Bob: Just woke up with an idea one day about getting more sail onto the old platform, plus i'd rather break this mast than a new one so the idea is to retro a few bits onto it via Dwyer masts onto the old et voila a swept back rig with a bigger main on the same stick. Not really about going faster (square of the WL and all that) no its more about getting it off the line in light airs, as these boats are 'solidly built' in my experience anything under F3 and your pissing about abit really so its more to get her moving a bit in light airs.

 

Ajax: Na I've spared every expense, Jesus the last few years i've had (financially speaking) i'm amazed i've got as far as i have (tax investigations, long periods of unemployment)

 

The above picture was an impression what i wanted the engineering to achieve so the sailplan will be a bit different, thats a mini transac rig i superimposed over the centaurs illustration, still i like the idea of a bow sprit but probably not that long though..................oh yeah and theres no backstay either now, good eh Bob?

Roger, I suggest you find yourself a good deal on a feathering/folding prop. It'll help a lot in light air and is dead simple to implement. Sometimes Purchase Order engineering is the advisable course of action.

Share this post


Link to post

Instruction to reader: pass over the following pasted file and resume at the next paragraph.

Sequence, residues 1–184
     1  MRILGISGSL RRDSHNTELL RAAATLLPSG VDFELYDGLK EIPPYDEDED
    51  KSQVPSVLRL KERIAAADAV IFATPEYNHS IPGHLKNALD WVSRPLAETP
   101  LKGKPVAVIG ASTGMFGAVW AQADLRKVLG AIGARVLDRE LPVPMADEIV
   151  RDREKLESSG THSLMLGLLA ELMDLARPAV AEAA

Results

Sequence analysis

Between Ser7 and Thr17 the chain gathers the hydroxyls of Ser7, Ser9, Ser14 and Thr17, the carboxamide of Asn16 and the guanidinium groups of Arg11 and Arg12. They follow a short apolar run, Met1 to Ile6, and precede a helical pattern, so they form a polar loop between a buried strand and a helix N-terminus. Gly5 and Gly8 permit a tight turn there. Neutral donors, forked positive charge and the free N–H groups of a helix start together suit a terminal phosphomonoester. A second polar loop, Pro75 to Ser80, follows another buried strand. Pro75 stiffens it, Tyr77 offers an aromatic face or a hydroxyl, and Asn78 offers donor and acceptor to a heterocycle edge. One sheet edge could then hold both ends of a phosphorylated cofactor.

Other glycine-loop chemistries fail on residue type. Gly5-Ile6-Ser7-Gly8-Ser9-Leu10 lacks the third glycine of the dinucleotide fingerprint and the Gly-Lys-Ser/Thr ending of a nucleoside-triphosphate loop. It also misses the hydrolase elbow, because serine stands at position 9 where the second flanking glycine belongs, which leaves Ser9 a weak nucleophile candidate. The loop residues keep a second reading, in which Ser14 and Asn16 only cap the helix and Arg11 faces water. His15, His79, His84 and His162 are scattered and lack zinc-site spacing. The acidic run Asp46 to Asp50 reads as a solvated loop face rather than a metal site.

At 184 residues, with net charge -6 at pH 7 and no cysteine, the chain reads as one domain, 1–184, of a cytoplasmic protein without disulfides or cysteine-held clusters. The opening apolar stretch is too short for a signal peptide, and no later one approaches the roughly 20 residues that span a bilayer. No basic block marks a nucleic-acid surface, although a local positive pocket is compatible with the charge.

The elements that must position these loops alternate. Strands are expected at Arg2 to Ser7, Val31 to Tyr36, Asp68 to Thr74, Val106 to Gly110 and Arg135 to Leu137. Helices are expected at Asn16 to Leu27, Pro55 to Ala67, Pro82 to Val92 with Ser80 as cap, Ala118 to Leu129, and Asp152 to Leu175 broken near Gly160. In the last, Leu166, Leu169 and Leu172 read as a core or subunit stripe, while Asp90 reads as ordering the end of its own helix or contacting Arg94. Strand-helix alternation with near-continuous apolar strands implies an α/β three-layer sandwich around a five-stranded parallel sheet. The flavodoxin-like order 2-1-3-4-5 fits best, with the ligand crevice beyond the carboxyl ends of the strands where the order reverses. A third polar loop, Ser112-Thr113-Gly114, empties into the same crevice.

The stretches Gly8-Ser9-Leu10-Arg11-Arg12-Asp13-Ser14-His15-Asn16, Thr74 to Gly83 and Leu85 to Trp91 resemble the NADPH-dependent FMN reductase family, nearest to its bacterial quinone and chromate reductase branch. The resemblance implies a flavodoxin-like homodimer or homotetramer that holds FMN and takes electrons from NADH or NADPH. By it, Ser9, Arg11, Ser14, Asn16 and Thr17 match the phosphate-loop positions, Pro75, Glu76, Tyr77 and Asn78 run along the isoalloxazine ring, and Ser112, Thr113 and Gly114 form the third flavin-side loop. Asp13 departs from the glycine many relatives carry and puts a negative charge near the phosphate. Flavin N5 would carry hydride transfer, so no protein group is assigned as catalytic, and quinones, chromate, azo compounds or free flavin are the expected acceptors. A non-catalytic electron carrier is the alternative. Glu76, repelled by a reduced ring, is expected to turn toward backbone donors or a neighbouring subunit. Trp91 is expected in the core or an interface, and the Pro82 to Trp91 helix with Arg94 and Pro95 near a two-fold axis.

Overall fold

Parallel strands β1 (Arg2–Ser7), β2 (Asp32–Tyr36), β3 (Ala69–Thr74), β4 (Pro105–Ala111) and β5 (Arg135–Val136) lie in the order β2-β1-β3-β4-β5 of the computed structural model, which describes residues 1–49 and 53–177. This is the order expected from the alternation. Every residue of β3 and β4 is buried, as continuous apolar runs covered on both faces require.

Share on other sites

I'm a bit confused about the emphasis on light air sailing. This sounds like a Chesapeake boat.

I thought there was an over abundance of wind in the UK?

Share this post


Link to post
Share on other sites

Roger, I just read this thread. The project is amazing, and the work you're doing is fantastic to see. Thanks to you, I have yet another thread to follow on a regular basis.

 

Regarding the problems with the hull-to-keel joint on Westerlys, could it have something to do with the sheer(?) forces that must come into play when they rest on the bottom?

 

I think shear was a major factor as the keels (roots) stubs were quite insubstantial and almost vertical in angles on the inboard side creating a rather rhum look of two angles where the keels met the stub, this was changed on later boats by widening the keel stubs inboard side so the keel appeared as one angle therefore allieviated any problems, in fairness to Westerly' they honoured every boat that was affected and also added transverse webs in the keel stub to mitigate torsional problems too.

 

Bit odd looking

Keel%252520%252528285%252529.jpg

 

So i filled out the inboard side of the stub internally and externally and got this:

 

Keel%252520%252528289%252529.jpg

 

Which mimics the later boats re-design:

 

centaurkeel.JPG

 

Also the keels shape changed too, my starboard keel (early 1971 boat):